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by Jay Traugott
This is perhaps the perfect embodiment of Italian design and innovative engineering.
There was a time when Lancia was cool and not a brand whose entire lineup pretty much consisted of rebadged Chryslers. Corporate takeovers do that. Founded in 1906 in Turin, Italy by two Fiat
racing drivers, the automaker has had many highlights over the years. Perhaps two of the best examples include the 1913 Theta, which was the first European production car to have a fully electrical system, and the Stratos which is perhaps one of the most famous road and rally race cars ever built.
Lancia also developed the Lambda, the first car with a monocoque body, as well as installing the first five-speed manual transmission into a production car. In the engine department, Lancia was once again a pioneer. In 1950, Lancia engineers developed the first series production V6 which forced other automakers to take note and follow suit. It also produced the first V4 engine and continued development of V8 and V12 configurations. If that's not enough, Lancia made a huge industry contribution by using an independent suspension in its production cars during a time when the live front and rear axle configuration was dominant.
All of this took place when Lancia was still a rather small and independent automaker before Fiat bought it in 1969. With a few exceptions (namely the Stratos), this was the beginning of the end of Lancia's revolutionary production cars and creative engineering methods. While Fiat maintained that status quo for a while, Lancia slowly began to lose its identity. Today, it's seen as a conservative brand that appeals to mainly older buyers. Before this went down, the Flaminia, built from 1957 until 1970, was the brand's flagship model and not only was it beautiful, but it featured many of the chassis, suspension, and engine developments that Lancia developed.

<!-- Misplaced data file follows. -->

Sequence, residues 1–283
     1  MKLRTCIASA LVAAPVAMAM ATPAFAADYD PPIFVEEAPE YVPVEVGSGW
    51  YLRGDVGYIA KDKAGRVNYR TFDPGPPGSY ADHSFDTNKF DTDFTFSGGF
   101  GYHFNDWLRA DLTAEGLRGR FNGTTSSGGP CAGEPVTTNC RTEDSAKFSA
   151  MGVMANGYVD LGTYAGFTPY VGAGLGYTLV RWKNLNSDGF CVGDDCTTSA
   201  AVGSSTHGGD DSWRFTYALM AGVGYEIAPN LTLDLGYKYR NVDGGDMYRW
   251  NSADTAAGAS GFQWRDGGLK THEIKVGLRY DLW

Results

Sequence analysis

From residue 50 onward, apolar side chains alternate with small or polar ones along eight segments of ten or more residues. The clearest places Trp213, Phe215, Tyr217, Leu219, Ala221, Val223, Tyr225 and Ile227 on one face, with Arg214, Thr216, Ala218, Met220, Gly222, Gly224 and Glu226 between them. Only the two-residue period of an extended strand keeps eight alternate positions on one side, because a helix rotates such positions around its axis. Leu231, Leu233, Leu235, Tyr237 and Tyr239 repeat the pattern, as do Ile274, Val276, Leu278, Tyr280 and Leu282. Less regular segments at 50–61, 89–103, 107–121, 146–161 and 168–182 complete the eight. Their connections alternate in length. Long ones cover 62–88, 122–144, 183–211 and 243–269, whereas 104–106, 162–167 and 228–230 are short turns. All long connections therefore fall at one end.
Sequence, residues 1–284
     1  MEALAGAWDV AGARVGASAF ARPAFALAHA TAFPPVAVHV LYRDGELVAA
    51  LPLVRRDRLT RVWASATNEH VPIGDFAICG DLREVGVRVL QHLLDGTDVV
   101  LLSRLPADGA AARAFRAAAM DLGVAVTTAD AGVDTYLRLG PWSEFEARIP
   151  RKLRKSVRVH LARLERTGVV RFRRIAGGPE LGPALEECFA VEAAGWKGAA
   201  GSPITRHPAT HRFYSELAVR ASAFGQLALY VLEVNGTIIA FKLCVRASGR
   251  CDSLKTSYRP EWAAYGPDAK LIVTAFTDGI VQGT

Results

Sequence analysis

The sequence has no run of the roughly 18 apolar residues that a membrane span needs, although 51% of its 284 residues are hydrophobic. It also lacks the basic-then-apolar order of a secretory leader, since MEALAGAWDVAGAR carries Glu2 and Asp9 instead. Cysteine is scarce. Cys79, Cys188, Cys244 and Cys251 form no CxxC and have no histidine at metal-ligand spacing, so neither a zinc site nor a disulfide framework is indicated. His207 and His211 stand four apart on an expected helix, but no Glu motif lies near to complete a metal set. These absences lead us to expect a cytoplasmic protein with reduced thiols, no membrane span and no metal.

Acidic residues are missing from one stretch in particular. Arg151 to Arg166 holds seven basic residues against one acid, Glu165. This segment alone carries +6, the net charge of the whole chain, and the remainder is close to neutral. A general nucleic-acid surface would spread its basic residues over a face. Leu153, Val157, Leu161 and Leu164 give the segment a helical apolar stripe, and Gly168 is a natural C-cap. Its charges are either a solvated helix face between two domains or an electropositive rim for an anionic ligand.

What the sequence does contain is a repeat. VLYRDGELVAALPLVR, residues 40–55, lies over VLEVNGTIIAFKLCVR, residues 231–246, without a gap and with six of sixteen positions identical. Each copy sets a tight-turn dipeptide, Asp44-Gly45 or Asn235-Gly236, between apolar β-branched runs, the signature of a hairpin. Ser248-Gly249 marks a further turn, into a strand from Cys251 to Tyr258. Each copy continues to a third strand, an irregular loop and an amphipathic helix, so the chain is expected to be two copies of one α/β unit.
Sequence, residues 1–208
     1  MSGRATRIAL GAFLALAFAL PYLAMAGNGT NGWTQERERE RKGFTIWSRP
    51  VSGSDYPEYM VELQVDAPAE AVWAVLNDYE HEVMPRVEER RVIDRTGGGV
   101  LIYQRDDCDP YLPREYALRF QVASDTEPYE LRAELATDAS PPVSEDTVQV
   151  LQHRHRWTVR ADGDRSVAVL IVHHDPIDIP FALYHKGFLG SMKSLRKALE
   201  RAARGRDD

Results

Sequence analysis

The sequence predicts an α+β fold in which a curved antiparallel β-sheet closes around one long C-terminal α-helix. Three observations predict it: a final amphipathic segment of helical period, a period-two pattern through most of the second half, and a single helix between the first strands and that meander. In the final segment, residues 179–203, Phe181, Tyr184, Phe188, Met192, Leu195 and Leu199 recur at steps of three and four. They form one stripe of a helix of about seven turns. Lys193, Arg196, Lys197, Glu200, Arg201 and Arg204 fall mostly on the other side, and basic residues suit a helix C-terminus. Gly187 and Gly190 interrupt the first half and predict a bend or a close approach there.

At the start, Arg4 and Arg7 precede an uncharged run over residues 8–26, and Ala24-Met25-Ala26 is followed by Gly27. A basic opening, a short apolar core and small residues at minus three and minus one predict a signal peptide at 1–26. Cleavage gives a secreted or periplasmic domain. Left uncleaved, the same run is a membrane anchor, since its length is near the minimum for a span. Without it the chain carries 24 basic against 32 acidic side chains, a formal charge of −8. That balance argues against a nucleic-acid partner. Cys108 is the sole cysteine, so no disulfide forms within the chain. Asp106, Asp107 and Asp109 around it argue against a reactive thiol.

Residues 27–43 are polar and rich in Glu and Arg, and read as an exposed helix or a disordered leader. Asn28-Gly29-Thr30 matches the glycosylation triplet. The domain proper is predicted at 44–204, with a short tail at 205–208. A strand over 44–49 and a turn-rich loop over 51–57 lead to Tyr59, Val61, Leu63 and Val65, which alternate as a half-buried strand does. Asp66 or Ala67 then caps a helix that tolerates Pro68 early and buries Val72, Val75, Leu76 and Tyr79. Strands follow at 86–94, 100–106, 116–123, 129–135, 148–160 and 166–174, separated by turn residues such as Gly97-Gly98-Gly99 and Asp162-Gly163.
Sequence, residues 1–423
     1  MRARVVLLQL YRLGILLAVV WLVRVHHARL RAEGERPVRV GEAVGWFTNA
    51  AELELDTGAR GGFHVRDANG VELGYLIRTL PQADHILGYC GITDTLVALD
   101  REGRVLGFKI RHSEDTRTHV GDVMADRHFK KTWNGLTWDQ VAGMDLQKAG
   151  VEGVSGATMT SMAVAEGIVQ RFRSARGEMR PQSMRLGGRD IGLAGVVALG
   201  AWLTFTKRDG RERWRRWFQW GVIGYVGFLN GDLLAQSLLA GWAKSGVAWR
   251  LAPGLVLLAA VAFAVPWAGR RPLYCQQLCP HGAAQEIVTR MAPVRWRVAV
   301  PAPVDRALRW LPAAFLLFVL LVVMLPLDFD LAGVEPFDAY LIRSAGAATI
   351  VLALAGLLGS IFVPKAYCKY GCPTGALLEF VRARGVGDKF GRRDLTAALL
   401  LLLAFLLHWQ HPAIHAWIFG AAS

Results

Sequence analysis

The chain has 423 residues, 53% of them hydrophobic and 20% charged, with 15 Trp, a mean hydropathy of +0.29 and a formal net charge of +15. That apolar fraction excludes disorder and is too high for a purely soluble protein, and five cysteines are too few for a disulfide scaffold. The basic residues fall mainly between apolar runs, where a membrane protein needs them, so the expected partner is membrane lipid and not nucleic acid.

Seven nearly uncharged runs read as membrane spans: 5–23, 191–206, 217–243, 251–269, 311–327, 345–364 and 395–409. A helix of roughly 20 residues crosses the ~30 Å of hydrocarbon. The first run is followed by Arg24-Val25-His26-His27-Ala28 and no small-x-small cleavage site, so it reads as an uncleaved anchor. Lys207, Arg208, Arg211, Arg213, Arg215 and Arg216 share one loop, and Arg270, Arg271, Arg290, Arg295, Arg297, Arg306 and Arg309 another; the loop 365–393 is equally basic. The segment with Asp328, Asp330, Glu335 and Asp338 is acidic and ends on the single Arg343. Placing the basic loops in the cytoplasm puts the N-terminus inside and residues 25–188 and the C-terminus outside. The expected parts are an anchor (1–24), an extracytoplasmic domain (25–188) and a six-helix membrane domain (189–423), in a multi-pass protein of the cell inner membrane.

Sold as a coupe, sedan, cabriolet, and limousine, the Flaminia's design came courtesy of Pininfarina. The name "Flaminia" came from Lancia's tradition of naming its models after ancient Roman roads. But it was in 1957 when Zagato came into the picture when they took its styling pens to the Flaminia coupe. Featuring Zagato's famous double bubble roof design, the aluminum-bodied Flaminia Zagato Sport was built on a shortened wheelbase from that of the standard GT coupe. Among other things Zagato also restyled are the front headlights by ditching the squared off look in favor of rounded units.
Aside from Zagato's always beautiful work, power came from a V6 engine mated to a five-speed manual. Lancia and Zagato soon launched the Sport's replacement, appropriately called the Super Sport. Changes included the new tear drop headlights, a redesigned and more aerodynamic rear end and, perhaps more importantly, a new 2.8-liter 152 horsepower triple carb V6 under the hood. This particular 1967 example that's currently up for sale on eBay is painted in what's called Newmarket Grey with a gorgeous red leather interior with wood trim.
Back in the 1970s it belonged to a collector who owned it for 31 years where it was kept in a fully climate controlled environment and maintained both cosmetically and mechanically. It has since been restored and has just 6,594 original miles on the odometer. Beauty however doesn't always come cheap as this Flaminia Zagato Super Sport has an asking price of $215,000.